Month: June 2018

Interview with Kevin Ansbro

Interview with Kevin Ansbro

Kevin Ansbro, Author – KINNARA

 

 

Intriguing and exotic, Kevin Ansbro’s novel explores how our actions can come back to haunt us in the most unexpected ways.

‘Murder, myth and Mr Ordinary meet up in this extraordinary novel. However bad the weather is here, Ansbro’s vivid writing will transport you to a sun drenched tropical island – with darkness at its heart. I loved it!’ – Karen Holmes, editor 2QT

 

Hello Kevin, thanks for the interview –

I just finished reading Kinnara. Such a brilliant and enjoyable adventure!

Kevin – Thanks, for inviting me to answer some questions, Ingrid.  I like being probed, though not by alien life forms … not that this has ever happened to me … or has it? They wipe your memory afterwards, don’t they? Now, on to the questions…

You know so much about Thailand, have you lived there? You character, Sawat, is so real, did you know someone like him?

Kevin – My wife and I are fortunate to have visited Thailand more than twenty-five times: we love the people/the culture/the overall vibe, and we speak a lot of Thai. Sawat, like many Thais, has an unassailable positivity, despite having to eke out a living in difficult circumstances. He seems to be everyone’s favourite character and is based on a friend of mine, whose winning smile would light up any room.

As for your portrayal of the tsunami that hit Thailand, were you there during that tragic and horrendous event?

Kevin – I wasn’t in Thailand at the time of the tsunami (we were there a couple of months prior), but waking up on Boxing Day in 2004 to those alarming scenes is something I shall never forget. I was immediately on the phone to friends whom I knew to be in the areas affected. One actually had to cling to a coconut tree while the spiteful torrent surged through, giving me the idea to write that frightening event into the book.

I love your use of the Swan People (Buddhist god, Klahan) and Buddhist mythology in your book. How did that originate and develop?

Kevin – Whenever I’m ferried into Bangkok’s Suvarnabhumi Airport in a taxi, I always marvel at the bronze statues of mythical creatures that line the route into the terminal. These statues depict the half-bird, half-human Kinnaree, much-loved in Thai folklore. And it was there that the nucleus of an idea began. By the time I’d paid the cab fare I was already planning a storyline that would involve these celestial beings. The male of the Kinnaree are known as the Kinnara, hence the title of my novel, which is essentially a teeth-rattling thriller wrapped in a burrito of magical realism.

I really enjoy your writing. It’s clear, smooth and flows. I’m curious about the German serial-killer connection in Kinnara. It seems to stand out so much from the rest of the story. May I ask how you came up with that?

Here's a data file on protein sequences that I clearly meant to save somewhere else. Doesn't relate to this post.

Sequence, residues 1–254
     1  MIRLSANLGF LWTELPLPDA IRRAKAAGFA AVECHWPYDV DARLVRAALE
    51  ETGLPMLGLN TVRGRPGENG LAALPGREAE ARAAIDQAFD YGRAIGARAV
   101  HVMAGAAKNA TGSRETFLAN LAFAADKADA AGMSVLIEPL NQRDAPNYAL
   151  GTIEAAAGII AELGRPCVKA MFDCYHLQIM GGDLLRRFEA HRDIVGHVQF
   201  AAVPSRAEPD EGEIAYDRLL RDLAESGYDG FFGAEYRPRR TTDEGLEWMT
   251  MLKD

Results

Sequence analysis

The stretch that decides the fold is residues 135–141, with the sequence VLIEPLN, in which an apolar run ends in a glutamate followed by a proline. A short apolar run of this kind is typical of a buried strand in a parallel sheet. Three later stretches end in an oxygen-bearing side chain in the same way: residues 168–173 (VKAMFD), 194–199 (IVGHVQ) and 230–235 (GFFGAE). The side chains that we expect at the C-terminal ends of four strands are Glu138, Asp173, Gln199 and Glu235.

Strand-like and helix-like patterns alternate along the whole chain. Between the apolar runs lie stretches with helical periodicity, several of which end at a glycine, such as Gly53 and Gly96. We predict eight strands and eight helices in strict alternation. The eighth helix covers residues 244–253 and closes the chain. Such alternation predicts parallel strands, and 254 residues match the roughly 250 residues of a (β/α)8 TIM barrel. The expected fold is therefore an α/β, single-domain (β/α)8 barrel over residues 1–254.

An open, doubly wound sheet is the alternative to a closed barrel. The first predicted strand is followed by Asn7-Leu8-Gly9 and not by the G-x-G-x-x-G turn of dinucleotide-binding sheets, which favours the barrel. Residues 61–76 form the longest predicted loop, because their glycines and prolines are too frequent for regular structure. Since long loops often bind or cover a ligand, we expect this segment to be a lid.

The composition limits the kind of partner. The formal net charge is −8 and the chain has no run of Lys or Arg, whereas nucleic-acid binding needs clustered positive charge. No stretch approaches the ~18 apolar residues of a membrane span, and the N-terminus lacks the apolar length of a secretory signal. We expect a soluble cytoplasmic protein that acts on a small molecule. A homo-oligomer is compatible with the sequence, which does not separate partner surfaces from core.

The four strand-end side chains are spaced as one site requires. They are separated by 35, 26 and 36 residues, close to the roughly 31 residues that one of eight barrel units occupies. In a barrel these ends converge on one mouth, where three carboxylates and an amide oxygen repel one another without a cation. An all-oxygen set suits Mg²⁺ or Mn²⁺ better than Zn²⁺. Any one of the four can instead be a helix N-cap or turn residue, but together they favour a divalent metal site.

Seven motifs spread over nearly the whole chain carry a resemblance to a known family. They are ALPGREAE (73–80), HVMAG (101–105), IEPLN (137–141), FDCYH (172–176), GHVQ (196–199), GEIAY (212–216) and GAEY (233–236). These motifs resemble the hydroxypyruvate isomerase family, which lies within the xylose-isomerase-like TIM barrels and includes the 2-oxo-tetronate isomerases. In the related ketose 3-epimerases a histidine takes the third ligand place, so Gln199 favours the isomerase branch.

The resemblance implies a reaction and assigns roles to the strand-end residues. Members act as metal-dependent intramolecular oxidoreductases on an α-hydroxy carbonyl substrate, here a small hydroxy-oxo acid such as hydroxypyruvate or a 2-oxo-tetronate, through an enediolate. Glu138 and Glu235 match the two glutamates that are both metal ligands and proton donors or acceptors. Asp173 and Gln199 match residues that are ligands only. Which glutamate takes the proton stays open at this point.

Kevin – Why, thank you, Ingrid. 
The German serial killer connection was dreamt up to give the book an international flavour, my inspiration coming from a lifelong love of Bond movies!

You also wrote a short story entitled, The Angel in my Well. I’m curious where it came from. It is so different from Kinnara, and yet, I can see the underlying magical realism from the description you posted on your website.

KevinThe Angel in my Well blossomed rather unexpectedly in the darkest of hours. 

My high-spirited (Irish) mum, Kathleen, had become a living shadow of her former self, ghosting the bleached corridors of a nursing home, lost in the fog of dementia and dying of cancer. While visiting her one day, I watched as she caught sight of her eighty-three-year-old self in a mirror, rather than the vivacious teenager she imagined herself to be. She turned to me, confused, and asked, “How did I suddenly get so old?”

It was heart-breaking to watch and at that moment I thought how wonderful it would be to have my mum come back to me again, as the scintillating young woman I remembered as a little boy – even if it was just for one day. And so, there and then, the nucleus of a book idea was borne.  As with Kinnara, the story is set in our real world, but with something otherworldly happening in that world.

My mum died not knowing she’d inadvertently inspired me to become an author, a silver lining to a very dark cloud.

Thank you, Kevin, for sharing. I’m sorry for your loss. The Angel in my Well sounds like a wonderful tribute to your mother. I look forward to reading it.

 

Now, Kevin, please tell us all about your next project.

Kevin – Although I’m a full-time writer, it has taken me three years to write my current novel. It’s complete, my best yet (I think), and I’ve only just begun to send submissions off to literary agents. 

It’s titled The Fish that Climbed a Tree (a metaphor for a Homeric, near-impossible, odyssey within its pages). And, again, there is an alchemy of reality and otherworldliness to my novel but it reveals, within its beating heart, a spiteful, teeth-rattling thriller that is in no way formulaic or prosaic (my style veers more towards the rich and linguistically playful).